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The representation of functions as lowdegree polynomials over various rings has provided many insights in the theory of smalldepth circuits. We survey some of the closure properties, upper bounds, and lower bounds obtained via this approach. 1. Introduction There is a long history of using polynomials in order to prove complexity bounds. Minsky and Papert [39] used polynomials to prove early lower bounds on the order of perceptrons. Razborov [46] and Smolensky [49] used them to prove lower bounds on the size of ANDOR circuits. Other lower bounds via polynomials are due to [50, 4, 10, 51, 9, 55]. Paturi and Saks [44] discovered that rational functions could be used for lower bounds on the size of threshold circuits. Toda [53] used polynomials to prove upper bounds on the power of the polynomial hierarchy. This led to a series of upper bounds on the power of the polynomial hierarchy [54, 52], AC 0 [2, 3, 52, 19], and ACC [58, 20, 30, 37], and related classes [21, 42]. Beigel and Gi...
Learning Intersections and Thresholds of Halfspaces
"... We give the first polynomial time algorithm to learn any function of a constant number of halfspaces under the uniform distribution to within any constant error parameter. We also give the first quasipolynomial time algorithm for learning any function of a polylog number of polynomialweight halfsp ..."
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Cited by 65 (22 self)
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We give the first polynomial time algorithm to learn any function of a constant number of halfspaces under the uniform distribution to within any constant error parameter. We also give the first quasipolynomial time algorithm for learning any function of a polylog number of polynomialweight halfspaces under any distribution. As special cases of these results we obtain algorithms for learning intersections and thresholds of halfspaces. Our uniform distribution learning algorithms involve a novel nongeometric approach to learning halfspaces; we use Fourier techniques together with a careful analysis of the noise sensitivity of functions of halfspaces. Our algorithms for learning under any distribution use techniques from real approximation theory to construct low degree polynomial threshold functions.
Quantum Lower Bound for the Collision Problem
, 2002
"... The collision problem is to decide whether a function X : . . . , n} is onetoone or twotoone, given that one of these is the case. We show a lower bound of on the number of queries needed by a quantum computer to solve this problem with bounded error probability. The best known upper bou ..."
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Cited by 60 (13 self)
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The collision problem is to decide whether a function X : . . . , n} is onetoone or twotoone, given that one of these is the case. We show a lower bound of on the number of queries needed by a quantum computer to solve this problem with bounded error probability. The best known upper bound is O , but obtaining any lower bound better than# (1) was an open problem since 1997. Our proof uses the polynomial method augmented by some new ideas. We also give a lower bound for the problem of deciding whether two sets are equal or disjoint on a constant fraction of elements. Finally we give implications of these results for quantum complexity theory.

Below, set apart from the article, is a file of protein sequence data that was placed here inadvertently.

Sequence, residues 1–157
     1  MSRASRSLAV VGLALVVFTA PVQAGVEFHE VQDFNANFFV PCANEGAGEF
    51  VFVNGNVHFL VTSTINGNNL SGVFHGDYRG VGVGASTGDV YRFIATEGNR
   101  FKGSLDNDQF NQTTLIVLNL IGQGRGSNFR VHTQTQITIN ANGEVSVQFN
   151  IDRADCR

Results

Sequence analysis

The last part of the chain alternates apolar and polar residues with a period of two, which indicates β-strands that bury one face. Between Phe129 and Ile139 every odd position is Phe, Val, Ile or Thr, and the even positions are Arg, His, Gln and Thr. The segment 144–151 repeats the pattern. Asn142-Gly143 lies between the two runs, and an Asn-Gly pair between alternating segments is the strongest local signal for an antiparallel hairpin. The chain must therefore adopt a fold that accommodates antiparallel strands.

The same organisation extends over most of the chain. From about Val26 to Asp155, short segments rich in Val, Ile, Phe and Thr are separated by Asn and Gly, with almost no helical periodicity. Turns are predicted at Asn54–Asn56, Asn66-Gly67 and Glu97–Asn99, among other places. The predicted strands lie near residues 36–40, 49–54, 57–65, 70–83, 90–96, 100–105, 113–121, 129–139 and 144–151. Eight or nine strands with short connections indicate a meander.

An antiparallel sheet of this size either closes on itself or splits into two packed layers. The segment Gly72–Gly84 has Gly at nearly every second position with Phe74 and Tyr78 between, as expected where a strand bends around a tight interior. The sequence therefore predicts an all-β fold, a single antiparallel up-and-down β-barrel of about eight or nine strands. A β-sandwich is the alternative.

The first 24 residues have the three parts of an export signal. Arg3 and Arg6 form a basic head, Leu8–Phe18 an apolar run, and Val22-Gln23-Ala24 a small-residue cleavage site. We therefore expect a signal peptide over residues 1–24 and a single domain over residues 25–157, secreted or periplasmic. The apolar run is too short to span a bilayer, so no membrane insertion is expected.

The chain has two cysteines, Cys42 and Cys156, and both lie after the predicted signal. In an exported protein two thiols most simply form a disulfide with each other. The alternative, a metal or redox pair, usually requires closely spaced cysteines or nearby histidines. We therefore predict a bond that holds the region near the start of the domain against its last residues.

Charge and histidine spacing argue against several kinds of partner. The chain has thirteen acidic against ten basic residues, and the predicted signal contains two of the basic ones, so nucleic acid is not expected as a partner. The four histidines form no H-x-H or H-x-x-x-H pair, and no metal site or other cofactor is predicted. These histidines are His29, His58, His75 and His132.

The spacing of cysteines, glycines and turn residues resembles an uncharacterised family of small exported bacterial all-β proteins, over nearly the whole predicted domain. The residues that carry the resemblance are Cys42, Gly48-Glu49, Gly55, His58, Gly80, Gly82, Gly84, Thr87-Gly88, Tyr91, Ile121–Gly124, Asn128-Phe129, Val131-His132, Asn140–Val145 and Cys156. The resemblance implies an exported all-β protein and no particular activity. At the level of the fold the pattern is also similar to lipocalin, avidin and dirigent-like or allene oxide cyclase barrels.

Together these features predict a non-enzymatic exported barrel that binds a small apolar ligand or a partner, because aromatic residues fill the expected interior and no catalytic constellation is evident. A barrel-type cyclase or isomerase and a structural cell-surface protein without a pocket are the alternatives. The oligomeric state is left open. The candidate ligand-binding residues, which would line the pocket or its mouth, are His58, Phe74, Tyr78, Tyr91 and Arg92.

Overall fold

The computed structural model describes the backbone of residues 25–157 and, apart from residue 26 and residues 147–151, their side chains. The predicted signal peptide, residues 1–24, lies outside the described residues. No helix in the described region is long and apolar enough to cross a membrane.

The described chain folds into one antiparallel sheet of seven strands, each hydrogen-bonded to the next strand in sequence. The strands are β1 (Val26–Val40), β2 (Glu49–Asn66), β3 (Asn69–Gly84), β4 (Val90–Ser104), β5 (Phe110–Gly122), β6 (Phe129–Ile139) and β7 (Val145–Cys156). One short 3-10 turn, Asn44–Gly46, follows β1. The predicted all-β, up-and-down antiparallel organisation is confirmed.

Communication complexity lower bounds by polynomials
 In Proc. of the 16th Conf. on Computational Complexity (CCC
, 2001
"... The quantum version of communication complexity allows Alice and Bob to communicate qubits and/or to make use of prior entanglement (shared EPRpairs). Some lower bound techniques are available for qubit communication [17, 11, 2], but except for the inner product function [11], no bounds are known f ..."
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Cited by 60 (12 self)
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The quantum version of communication complexity allows Alice and Bob to communicate qubits and/or to make use of prior entanglement (shared EPRpairs). Some lower bound techniques are available for qubit communication [17, 11, 2], but except for the inner product function [11], no bounds are known for the model with unlimited prior entanglement. We show that the “log rank ” lower bound extends to the strongest model (qubit communication + prior entanglement). By relating the rank of the communication matrix to properties of polynomials, we are able to derive some strong bounds for exact protocols. In particular, we prove both the “logrank conjecture ” and the polynomial equivalence of quantum and classical communication complexity for various classes of functions. We also derive some weaker bounds for boundederror protocols. 1
Polynomial degree vs. quantum query complexity
 Proceedings of FOCS’03
"... The degree of a polynomial representing (or approximating) a function f is a lower bound for the quantum query complexity of f. This observation has been a source of many lower bounds on quantum algorithms. It has been an open problem whether this lower bound is tight. We exhibit a function with pol ..."
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Cited by 57 (8 self)
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The degree of a polynomial representing (or approximating) a function f is a lower bound for the quantum query complexity of f. This observation has been a source of many lower bounds on quantum algorithms. It has been an open problem whether this lower bound is tight. We exhibit a function with polynomial degree M and quantum query complexity Ω(M 1.321...). This is the first superlinear separation between polynomial degree and quantum query complexity. The lower bound is shown by a new, more general version of quantum adversary method. 1